Inside the Architecture: Clement G. Morgan Park


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The Clement G. Morgan Park, built between Columbia Street and Pine Street, was named in honor of Clement G. Morgan, a long time resident of Inman Square.

Before Clement G. Morgan’s life began in Cambridge, he was born in 1859 to slave parents and after abolition moved to Washington D.C. for high school. He worked in the barber trade and then taught in African-American schools in St. Louis for four years.

In 1883, Morgan moved to Boston where he attended Boston Latin School for two year and graduated with high honors. An education at Harvard brought him to Cambridge. He used scholarship money and barber earnings to pay his way, and before graduating became the first African-American orator, which he won by one vote.

Morgan continued his education at Harvard Law School, and became the first African-American man to hold a degree from both Harvard College and Harvard Law.

A republican, Morgan was the first African-American man to serve on the Board of Alderman for Cambridge from 1897-1899. Morgan also served on the republican city committee for 14 years, was one of the founders of the Niagara Movement, and a member of the National Association for the Advancement of Colored People (NAACP). In addition to his political service, Morgan also owned his own law practice.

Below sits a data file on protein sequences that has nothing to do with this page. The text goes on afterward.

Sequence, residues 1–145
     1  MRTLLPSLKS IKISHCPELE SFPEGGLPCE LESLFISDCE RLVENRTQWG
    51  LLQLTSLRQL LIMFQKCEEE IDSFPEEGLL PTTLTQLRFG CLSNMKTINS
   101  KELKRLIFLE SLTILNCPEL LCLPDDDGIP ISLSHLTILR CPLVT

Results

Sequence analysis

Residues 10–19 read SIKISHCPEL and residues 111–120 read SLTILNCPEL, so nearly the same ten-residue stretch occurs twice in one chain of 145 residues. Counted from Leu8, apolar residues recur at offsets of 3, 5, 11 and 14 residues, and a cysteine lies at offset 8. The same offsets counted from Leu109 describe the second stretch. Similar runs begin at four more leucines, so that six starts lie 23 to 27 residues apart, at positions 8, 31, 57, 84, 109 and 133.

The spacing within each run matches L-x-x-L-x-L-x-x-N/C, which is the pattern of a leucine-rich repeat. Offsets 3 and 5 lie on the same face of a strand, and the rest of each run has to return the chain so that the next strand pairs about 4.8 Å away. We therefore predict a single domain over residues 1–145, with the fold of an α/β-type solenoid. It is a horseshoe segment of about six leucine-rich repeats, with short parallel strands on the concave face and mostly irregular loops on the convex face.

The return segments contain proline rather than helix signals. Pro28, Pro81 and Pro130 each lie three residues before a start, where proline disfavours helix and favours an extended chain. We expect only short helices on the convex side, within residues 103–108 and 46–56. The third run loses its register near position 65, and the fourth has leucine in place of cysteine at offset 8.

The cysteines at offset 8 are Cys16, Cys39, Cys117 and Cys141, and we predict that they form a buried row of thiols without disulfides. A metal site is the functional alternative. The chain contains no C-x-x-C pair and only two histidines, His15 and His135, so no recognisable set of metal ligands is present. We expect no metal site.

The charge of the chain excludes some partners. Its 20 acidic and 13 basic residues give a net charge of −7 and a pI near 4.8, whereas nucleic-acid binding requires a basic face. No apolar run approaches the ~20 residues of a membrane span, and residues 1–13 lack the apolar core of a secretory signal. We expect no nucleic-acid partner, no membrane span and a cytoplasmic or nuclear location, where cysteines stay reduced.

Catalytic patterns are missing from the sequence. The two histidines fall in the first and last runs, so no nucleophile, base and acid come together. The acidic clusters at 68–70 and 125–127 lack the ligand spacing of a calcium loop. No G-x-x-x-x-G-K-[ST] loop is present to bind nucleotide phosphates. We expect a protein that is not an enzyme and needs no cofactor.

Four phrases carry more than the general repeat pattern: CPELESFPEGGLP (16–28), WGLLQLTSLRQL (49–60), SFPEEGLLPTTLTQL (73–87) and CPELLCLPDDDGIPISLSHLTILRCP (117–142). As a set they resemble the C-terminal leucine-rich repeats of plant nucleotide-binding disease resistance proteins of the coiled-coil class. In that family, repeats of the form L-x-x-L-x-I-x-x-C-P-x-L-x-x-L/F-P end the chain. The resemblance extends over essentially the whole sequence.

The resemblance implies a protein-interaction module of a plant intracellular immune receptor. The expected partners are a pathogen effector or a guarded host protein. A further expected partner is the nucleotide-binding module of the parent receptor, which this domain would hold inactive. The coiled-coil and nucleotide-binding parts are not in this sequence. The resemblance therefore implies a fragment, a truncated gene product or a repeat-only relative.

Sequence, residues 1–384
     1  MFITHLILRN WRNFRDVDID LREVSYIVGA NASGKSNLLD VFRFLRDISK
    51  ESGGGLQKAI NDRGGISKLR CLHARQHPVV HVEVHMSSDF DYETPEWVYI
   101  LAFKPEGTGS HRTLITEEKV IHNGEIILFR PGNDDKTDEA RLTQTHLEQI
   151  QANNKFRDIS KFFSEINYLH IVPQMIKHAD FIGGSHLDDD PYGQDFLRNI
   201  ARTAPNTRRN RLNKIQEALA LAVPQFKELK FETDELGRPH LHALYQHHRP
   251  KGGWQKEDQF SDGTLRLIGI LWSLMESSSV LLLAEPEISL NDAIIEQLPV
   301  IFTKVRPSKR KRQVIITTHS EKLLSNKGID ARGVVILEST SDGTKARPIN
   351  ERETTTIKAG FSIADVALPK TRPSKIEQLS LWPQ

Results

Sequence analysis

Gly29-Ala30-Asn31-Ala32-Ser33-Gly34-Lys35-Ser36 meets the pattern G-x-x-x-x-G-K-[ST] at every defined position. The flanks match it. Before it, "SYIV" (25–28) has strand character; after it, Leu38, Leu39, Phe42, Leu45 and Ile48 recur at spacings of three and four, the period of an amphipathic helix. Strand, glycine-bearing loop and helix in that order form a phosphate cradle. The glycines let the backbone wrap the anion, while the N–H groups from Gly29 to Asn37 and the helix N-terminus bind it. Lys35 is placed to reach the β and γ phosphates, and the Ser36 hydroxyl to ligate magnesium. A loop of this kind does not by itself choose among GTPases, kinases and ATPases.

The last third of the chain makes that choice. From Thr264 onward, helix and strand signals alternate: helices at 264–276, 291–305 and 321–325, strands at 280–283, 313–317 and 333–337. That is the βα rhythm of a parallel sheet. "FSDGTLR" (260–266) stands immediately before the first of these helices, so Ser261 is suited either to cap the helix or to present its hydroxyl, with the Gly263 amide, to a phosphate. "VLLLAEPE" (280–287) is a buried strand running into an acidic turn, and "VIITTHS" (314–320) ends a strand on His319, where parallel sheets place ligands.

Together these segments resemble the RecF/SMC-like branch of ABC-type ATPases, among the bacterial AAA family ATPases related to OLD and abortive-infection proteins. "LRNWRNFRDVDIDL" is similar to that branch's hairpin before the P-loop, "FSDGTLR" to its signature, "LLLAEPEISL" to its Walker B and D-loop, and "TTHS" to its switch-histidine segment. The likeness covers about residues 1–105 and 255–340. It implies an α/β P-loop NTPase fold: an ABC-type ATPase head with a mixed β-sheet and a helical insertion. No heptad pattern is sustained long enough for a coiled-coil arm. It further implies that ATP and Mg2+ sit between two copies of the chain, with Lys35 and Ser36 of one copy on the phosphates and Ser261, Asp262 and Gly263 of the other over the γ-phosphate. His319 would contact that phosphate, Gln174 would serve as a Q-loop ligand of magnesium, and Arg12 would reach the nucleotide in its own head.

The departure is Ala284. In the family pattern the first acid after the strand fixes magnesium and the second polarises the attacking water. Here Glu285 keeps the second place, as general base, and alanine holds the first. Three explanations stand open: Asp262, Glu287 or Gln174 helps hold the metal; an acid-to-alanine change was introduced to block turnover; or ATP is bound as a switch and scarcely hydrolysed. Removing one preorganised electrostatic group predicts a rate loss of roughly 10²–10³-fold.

Clement G. Morgan resided on Columbia Street and then Prospect Street up until his death on June 1, 1929. The park in Area 4 of Inman Square was named in his honor.

The location of the current park was once a gas station until the 1950s. The park was built in an effort to clean up Inman Square. It was completed in October 2008. Two years later, the Anthony Paolillo Tot Lot was built as a space for children to play beside the Clement G. Morgan Park.

Anthony Paolillo died at age 89 on July 14, 2015. He was the Chief of the Cambridge Police Department and lived most of his life on Tobey Road.